Ridley Scott’s ‘The Terror’ turns macabre Arctic history into an engrossing fight for survival
The sight of a Victorian-era naval ship listing atop an Arctic ice field, her crew on board, hundreds of miles from civilization, is enough to send chills up the spine. Add blustery male hubris, British classism and a snow monster to the mix, and you have producer Ridley Scott’s aptly titled television series “The Terror.”
The AMC drama, adapted from Dan Simmons’ bestselling novel of the same name, is based on the true story of a failed 19th century Northwest Passage expedition in which two British Royal Navy ships, the Terror and the Erebus, disappeared carrying 129 men.
It was later discovered through written accounts left behind by the crew, and stories told by the region’s native Inuit people, that the ships became stuck when the sea around them froze. After waiting 20 months for the water to thaw, the crew finally abandoned ship in search of open ocean.
“The Terror,” which premieres Monday, turns a macabre slice of history into a beautifully executed, 10-episode tale of the fight for survival. Nerve-racking suspense, a deceptively gorgeous landscape and the deeply developed characters lend a rich, big-screen quality to “The Terror’s” hourlong episodes.
The story spans from the planning of the expedition, when the arguably unqualified Sir John Franklin (Ciarán Hinds) is named commander of a career-defining voyage, to the bitter-cold end, when Captain Francis Crozier (Jared Harris) is fighting for the crew’s lives rather than his legacy.
The true account of the expedition is dramatic enough without the series’ and book’s addition of a fictional creature that eviscerates the crew one by one in supernatural and gruesome ways. Expect plenty of close-up shots of severed limbs, or in the case of an unfinished job on the monster’s part, an amputation by the ships’ saw-wielding doctor. No one ever said polar exploration was a pretty business.
Co-produced by Scott and showrunners Dave Kajganich and Soo Hugh, the personal dynamic between the ships’ captains provides an engrossing narrative before the action even kicks in.
Erebus’ captain, the upper-crust Englishman Franklin, has blinded himself to the dangers of the mission and proceeds with no backup plan in the event that things go south up north. His Irish subordinate, the whiskey-reliant Terror captain Crozier, sees tragedy before they even leave their English port.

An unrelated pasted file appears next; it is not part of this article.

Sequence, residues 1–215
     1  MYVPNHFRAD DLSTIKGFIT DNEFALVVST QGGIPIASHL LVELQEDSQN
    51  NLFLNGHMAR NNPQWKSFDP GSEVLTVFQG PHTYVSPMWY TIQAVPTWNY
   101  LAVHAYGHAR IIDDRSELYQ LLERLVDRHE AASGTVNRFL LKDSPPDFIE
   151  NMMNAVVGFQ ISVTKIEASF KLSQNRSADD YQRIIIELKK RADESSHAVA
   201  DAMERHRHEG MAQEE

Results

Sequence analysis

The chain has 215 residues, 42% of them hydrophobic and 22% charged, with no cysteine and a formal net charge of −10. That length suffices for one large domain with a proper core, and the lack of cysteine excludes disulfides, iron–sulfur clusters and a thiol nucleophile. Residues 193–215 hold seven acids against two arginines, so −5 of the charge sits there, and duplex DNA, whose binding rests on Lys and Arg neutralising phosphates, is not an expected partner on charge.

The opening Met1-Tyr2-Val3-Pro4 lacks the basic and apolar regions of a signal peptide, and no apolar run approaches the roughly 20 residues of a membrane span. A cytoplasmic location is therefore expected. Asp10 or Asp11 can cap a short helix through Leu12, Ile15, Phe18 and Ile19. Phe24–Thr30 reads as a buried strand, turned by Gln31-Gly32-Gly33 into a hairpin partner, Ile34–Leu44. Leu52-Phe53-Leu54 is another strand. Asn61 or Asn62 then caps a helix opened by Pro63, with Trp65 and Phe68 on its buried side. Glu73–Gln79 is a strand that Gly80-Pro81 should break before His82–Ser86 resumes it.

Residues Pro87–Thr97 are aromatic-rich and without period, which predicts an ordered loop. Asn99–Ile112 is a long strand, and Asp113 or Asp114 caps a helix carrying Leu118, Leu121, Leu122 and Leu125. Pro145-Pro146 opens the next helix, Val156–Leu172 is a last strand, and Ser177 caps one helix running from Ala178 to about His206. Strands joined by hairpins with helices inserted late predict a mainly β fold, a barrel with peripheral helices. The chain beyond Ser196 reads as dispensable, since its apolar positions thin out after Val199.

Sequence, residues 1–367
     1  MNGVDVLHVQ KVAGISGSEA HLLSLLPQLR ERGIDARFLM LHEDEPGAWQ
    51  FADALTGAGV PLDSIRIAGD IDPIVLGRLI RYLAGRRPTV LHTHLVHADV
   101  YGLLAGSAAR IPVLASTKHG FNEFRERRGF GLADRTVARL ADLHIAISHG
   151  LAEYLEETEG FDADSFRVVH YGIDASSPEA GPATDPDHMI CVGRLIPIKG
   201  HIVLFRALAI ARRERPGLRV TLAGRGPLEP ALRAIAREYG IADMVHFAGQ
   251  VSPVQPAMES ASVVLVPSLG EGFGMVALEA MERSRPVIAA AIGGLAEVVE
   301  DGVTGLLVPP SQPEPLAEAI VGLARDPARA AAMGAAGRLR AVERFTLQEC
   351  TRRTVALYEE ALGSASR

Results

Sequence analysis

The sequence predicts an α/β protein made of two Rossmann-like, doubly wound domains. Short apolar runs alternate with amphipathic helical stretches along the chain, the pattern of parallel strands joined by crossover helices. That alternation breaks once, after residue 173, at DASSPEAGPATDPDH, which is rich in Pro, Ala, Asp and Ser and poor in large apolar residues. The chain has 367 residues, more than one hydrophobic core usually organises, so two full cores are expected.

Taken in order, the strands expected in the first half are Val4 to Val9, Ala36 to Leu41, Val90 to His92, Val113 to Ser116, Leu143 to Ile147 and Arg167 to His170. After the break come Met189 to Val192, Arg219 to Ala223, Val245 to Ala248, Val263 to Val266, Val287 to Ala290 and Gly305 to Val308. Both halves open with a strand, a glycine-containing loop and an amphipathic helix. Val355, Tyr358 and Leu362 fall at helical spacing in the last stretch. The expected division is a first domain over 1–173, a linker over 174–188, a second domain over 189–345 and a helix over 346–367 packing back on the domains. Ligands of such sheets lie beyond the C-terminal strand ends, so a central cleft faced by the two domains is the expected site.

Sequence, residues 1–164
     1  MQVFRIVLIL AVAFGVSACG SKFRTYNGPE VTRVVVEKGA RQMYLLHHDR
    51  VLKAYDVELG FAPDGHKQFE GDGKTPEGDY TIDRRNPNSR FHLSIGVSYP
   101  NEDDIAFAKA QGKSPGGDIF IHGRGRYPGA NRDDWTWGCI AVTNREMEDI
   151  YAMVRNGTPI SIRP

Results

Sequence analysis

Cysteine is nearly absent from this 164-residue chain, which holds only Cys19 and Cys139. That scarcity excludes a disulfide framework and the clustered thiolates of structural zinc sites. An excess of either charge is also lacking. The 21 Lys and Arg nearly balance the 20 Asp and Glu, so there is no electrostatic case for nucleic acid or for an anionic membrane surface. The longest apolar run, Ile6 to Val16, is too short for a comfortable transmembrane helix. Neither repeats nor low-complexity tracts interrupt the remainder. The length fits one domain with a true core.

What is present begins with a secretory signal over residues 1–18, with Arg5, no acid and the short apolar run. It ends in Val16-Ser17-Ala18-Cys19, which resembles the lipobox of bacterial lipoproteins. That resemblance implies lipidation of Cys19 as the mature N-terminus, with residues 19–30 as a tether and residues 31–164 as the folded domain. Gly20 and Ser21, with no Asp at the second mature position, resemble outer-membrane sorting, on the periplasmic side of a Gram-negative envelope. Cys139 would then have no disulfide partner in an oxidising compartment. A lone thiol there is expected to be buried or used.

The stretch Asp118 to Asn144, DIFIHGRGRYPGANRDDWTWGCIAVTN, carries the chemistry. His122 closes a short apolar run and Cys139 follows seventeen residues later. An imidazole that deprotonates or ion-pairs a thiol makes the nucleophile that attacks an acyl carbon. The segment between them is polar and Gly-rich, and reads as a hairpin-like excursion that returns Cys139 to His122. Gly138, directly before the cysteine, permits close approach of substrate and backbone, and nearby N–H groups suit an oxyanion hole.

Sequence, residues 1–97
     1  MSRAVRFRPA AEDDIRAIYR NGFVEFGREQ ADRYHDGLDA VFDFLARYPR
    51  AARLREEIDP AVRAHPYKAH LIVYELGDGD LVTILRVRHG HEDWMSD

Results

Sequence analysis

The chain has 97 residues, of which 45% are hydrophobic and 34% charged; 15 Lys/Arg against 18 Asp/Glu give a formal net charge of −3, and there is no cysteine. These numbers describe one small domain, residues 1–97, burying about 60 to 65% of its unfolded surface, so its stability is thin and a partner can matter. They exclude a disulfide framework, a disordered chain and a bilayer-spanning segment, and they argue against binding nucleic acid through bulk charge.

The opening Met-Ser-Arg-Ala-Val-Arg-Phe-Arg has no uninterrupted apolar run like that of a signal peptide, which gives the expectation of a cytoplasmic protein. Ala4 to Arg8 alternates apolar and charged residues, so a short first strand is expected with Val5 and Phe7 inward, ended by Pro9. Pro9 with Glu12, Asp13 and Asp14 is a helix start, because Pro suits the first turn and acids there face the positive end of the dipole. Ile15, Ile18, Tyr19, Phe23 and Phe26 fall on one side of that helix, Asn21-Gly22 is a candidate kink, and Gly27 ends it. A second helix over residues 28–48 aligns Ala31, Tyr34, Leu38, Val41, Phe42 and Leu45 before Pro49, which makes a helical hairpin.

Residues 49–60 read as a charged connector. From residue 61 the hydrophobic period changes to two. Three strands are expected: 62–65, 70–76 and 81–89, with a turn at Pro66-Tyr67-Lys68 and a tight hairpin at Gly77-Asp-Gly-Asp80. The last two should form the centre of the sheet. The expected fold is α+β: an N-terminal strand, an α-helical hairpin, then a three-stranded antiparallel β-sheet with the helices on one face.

Adding to the tension produced by their polar-opposite personalities is the unfortunate fact that Franklin dissuaded his niece from marrying the below-her-station Crozier. So when Crozier tries to warn his stubbornly optimistic commander that he’s steering them toward a certain death, Franklin labels him as a glass-half-full kind of man, eventually hitting Crozier where it hurts: “You’ve made yourself miserable, distant and hard to love.”
Harris (“Mad Men,” “The Crown”) delivers a wonderfully layered performance of a man torn between protocol and societal norms and what he knows to be right. As an Irishman, he’s been sidelined most his naval career — if only he’d been at the helm of the entire expedition.
Hinds (“Road to Perdition,” “Game of Thrones”) is equally convincing in his portrayal of a commander who’s a master at covering his incompetency with a false confidence.
Third-in-charge Captain James Fitzjames (Tobias Menzies) and doctor Henry Goodsir (Paul Ready) also play pivotal roles in the fate of the crew and their understanding of the monster that’s hunting them. The key to the mystery may lie in the secrets of an Inuk woman, known only as Lady Silence (Nive Nielsen), but most of the crew resent and fear her.
The stealth beast strikes in ways similar to whatever that thing was in the jungles of “Lost.” (How does a man get sucked up out of a tent, then spat back out a bloody pulp seconds later?) But because no one really knows what happened to all those poor souls between the time they set sail in 1845 to Crozier’s last dated note in 1848, the monster serves as a physical manifestation of the mystery that’s engulfed the tragic voyage for centuries.
The ships, in fact, were recovered only in the last decade by researchers working at the bottom of the Arctic Ocean. “The Terror” revives the memory of the men on board and adds a modern element of horror for audiences weaned on Scott’s “Alien” — another production depicting a perilous journey into uncharted territory with a deadly entity in tow.
“The Terror” is no pleasure cruise, but a gripping journey back to a time and place that’s all too real, and almost too scary, to be true.
When: 9 p.m. Monday
Rating: TV-14-LV (may be unsuitable for children under the age of 14, with advisories for coarse language and violence)
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